This is, more or less, what I can explain to you. It has been a long debate and now we are going to have another one. The dinner with the Defence and Foreign Affairs Ministers where, for the first time, they are going to discuss the Strategic Compass. This will be another story. I do not know if I will have time to come and brief you. It will be too late. We will do it tomorrow. Let us hope it will not be too too late. But, in any case, too late for making you wait tonight.
Q. On the situation in the Eastern border of Ukraine, you said it is worrying. Could you please elaborate a little more on that. What really worries you? There are some Foreign Ministers who today hinted at the possibility that this is maybe interconnected with the migration crisis. So that maybe Russia uses this situation to do something else because our attention is deflected by this crisis. Do you share this concern?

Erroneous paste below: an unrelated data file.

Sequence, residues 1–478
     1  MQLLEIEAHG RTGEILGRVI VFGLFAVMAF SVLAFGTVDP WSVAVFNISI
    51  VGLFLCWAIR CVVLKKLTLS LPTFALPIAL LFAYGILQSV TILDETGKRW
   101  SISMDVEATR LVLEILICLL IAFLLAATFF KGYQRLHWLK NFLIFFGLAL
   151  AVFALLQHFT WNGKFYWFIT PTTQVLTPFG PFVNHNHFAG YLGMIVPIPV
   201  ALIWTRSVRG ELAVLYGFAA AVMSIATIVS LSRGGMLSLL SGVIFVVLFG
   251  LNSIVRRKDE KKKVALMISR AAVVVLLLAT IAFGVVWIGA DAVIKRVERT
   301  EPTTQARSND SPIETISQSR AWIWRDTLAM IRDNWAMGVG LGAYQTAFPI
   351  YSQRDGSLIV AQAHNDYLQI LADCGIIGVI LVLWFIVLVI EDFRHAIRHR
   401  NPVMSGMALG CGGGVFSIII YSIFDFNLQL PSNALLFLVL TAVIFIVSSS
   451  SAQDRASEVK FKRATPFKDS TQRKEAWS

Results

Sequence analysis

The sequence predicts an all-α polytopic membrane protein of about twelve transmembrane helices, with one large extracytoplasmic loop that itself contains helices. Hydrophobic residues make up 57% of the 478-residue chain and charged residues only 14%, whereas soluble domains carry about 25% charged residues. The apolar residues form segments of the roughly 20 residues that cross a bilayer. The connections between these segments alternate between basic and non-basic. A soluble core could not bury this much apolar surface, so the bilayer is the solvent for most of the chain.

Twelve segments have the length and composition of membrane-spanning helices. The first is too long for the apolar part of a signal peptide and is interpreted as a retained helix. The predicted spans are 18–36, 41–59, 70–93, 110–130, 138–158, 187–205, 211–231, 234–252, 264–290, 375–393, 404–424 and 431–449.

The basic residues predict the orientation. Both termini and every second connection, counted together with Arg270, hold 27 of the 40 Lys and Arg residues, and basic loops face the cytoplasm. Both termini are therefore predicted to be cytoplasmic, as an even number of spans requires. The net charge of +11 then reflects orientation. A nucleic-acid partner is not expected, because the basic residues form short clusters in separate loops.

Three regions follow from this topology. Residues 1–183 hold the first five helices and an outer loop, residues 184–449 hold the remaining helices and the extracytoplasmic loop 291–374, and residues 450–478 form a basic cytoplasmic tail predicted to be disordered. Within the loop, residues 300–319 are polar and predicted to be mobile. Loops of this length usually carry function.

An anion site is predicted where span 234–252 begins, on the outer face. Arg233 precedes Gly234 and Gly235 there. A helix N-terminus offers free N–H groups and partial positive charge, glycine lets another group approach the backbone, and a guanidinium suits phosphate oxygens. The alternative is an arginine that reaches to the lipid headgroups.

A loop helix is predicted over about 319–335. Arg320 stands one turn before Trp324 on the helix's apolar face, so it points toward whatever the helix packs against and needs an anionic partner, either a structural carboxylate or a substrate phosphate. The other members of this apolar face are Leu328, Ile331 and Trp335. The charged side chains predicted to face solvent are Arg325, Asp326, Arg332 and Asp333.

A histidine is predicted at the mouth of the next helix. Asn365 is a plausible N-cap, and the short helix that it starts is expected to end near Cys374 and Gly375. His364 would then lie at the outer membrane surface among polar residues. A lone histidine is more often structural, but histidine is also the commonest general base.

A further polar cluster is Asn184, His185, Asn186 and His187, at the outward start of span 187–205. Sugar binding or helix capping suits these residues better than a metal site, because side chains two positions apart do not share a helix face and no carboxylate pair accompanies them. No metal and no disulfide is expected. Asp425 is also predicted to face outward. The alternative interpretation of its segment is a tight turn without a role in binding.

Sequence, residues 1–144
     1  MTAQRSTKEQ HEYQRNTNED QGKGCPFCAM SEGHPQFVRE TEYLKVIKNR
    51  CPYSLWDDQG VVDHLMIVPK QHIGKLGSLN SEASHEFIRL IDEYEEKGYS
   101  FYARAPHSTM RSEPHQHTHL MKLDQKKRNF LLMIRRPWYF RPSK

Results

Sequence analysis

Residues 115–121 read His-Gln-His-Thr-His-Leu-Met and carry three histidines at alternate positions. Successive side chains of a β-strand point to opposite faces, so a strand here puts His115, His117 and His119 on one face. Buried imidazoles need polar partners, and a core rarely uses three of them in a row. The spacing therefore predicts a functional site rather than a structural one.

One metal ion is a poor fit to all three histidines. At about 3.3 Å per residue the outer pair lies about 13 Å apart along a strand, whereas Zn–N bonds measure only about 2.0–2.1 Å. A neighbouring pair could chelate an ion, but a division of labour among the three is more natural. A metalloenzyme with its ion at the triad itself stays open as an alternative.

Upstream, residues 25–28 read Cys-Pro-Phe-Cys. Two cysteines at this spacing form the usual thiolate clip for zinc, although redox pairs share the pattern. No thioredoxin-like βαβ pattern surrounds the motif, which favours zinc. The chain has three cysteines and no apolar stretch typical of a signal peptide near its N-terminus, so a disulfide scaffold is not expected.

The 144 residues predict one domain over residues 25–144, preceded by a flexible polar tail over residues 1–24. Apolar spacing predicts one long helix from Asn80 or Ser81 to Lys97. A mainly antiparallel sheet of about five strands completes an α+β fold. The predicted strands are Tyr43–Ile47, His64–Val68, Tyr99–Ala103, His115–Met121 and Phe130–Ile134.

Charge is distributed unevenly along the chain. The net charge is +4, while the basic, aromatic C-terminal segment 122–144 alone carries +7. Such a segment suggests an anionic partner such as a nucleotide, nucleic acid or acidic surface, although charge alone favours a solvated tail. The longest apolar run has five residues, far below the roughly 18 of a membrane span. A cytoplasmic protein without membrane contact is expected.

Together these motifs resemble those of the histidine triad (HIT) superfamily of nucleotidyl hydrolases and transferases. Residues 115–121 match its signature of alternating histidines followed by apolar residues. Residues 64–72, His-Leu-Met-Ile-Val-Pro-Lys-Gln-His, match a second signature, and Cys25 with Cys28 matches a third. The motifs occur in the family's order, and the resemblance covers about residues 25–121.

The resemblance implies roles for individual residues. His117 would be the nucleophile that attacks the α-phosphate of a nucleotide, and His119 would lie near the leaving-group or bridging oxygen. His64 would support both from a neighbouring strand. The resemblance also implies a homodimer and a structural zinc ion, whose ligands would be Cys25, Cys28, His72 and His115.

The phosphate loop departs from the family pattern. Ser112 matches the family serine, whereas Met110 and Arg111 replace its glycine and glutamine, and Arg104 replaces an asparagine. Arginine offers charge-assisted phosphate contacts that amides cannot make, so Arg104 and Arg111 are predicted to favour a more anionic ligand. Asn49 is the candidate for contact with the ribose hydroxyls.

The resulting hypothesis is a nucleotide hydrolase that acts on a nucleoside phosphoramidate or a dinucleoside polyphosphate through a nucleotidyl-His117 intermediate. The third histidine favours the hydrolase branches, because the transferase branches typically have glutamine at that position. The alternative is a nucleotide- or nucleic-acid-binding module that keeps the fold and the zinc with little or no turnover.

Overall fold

Well more than an idea, it is an hypothesis. Maybe. I am not in the secret of the talks between [Russian and Belarusian Presidents, Vladimir] Putin and [Alexandr] Lukashenko. It is clear that Lukashenko is doing what he is doing because he has a strong support from Russia. Even if Russia says that they have nothing to do with it, it is clear that the way [Russian] Minister [of Foreign Affairs, Sergei] Lavrov explained what is happening in Belarus and blaming the Europeans for what is happening there, frankly speaking, I do not believe that Lukashenko could be doing what he is doing without the strong support from Russia. If it is linked or not with the troops movements in the border with Ukraine, frankly speaking, I do not know. And I do not want to make a judgment of intentions. But it is true that the [US] Secretary of State [Antony] Blinken was in Kiev and he launched a strong warning. If Secretary Blinken says that, he must have good reasons for it. It seems that after the last military exercises at the border, the Russian troops withdrew, but they let stock of a logistic warfare, an important amount of material, so that they can deploy quickly, because the heavy material is already in place. The Ukrainian Minister [of Foreign Affairs, Dmytro Kuleba] told me that they could deploy an important amount of troops in a few days, because they are just moving people, not moving heavy material. And certainly, during the last exercises we said that this kind of concentration of troops was very worrisome and what is happening today creates us the same preoccupation.